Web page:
Digestion is the breakdown of large, insoluble food molecules into small, water-soluble molecules using mechanical and chemical processes. Starch, proteins and fats are insoluble - they are broken down into soluble substances so they can be absorbed into the bloodstream through the wall of the small intestine.
In the large intestine, much of the water mixed with food is absorbed into the bloodstream. The indigestible food which remains makes up the bulk of the faeces. (Faeces leaves the body via the anus)
Functions of digestive organs
Mouth - Where foods enters digestive system (ingestion). Once in the mouth, the food is chewed to form a bolus. This passes down the oesophagus and into the stomach.
Salivary glands - Amylase is produced here to catalyse breakdown of starch to sugar (maltose) in mouth.
Oesophagus - Food is transported through the oesophagus to the stomach by a process called peristalstis, where muscles produce wave-like contractions to push food through gut
Liver - Produces bile, which is stored in the gall bladder before being released into the small intestine. Bile neutralises acid that was added to food in stomach, and provides alkaline conditions for the small intestine's enzymes. It also emulsifies fats to increase surface area over which lipase enzymes can work. Also detoxifies chemicals and metabolises drugs.
Gall bladder - This is where bile made in the liver is stored until it is released into the small intestine
Functions of digestive organs
Stomach - Where food is broken down and digested to extract nutrients. Stomach produces hydrochloric acid which kills bacteria and provides right pH for protease (pepsin).
Pancreas - Produces digestive enzymes: amylase, protease and lipase which are used in small intestine. Also monitors and controls glucose concentration in blood and produces insulin.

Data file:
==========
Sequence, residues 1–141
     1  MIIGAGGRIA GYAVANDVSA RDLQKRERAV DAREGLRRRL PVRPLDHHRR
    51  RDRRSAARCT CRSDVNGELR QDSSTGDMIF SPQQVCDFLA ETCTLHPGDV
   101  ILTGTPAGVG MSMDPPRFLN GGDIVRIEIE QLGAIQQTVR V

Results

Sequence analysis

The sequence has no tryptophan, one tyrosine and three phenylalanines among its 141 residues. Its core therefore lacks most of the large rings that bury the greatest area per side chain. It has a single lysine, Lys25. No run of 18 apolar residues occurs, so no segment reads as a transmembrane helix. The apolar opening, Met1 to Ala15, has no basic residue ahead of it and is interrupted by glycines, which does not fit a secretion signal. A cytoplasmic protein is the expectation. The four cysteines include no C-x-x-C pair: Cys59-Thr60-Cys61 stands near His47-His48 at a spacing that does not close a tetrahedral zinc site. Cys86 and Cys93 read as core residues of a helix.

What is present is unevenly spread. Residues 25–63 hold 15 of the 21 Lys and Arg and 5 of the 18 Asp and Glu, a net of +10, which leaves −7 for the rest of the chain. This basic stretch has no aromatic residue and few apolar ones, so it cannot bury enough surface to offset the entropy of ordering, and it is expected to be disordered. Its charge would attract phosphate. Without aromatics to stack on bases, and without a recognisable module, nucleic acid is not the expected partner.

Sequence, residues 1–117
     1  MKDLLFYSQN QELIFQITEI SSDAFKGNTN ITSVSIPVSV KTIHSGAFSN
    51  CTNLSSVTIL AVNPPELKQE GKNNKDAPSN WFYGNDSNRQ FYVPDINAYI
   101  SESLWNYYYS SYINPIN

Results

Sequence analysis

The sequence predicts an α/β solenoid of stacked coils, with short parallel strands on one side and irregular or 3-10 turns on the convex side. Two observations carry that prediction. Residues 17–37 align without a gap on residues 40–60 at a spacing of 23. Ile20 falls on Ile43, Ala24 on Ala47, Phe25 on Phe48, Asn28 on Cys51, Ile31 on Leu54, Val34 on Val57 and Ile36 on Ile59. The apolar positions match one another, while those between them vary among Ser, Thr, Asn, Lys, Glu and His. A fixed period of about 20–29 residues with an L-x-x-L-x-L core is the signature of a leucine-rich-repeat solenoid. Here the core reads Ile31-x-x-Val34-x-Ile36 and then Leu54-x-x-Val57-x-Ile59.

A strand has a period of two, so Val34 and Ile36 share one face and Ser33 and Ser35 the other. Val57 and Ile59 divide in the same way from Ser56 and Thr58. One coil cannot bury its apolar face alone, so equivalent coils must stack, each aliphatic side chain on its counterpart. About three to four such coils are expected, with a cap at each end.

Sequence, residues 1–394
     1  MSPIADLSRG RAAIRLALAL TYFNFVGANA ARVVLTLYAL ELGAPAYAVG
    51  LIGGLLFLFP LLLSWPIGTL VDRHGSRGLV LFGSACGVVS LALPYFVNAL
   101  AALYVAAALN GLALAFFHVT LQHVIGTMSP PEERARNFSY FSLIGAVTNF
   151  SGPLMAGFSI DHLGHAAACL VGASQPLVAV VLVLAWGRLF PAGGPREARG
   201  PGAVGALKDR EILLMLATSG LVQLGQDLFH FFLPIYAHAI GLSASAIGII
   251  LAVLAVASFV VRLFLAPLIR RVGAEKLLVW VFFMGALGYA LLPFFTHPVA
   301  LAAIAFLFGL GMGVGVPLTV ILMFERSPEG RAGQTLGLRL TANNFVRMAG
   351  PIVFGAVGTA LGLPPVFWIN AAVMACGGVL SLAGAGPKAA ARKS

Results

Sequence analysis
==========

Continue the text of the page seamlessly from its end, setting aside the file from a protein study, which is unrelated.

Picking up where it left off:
Small intestine - Where digested food undergoes absorption. Most absorption happens in the ileum (longest part of small intestine). The small intestine has a large surface area for fast and efficient absorption. It has many villi (small, finger-like structures) which increase surface area. They have many important features, as they are one cell thick (allows for shorter diffusion/active transport time), have a blood capillary network (to transport sugars and amino acids) and a lacteal (to transport glycerol and fatty acids).
Large intestine - Where water from undigested food molecules is absorbed, leaving semi-solid waste called faeces.
Rectum - Where faeces is stored until it is egested
Anus - Where egestion occurs and faeces are allowed to pass out of sphincter
Enzymes can break down nutrients into small, soluble molecules that can be absorbed.
- Amylase (starch to sugar)
Produced in: salivary glands, pancreas, small intestine
Used in: mouth, small intestine
- Protease (proteins to amino acids)
Produced in: stomach, pancreas, small intestine
Used in: small intestine
- Lipase (lipids to fatty acids and glycerol)
Produced in: pancreas, small intestine
Used in:small intestine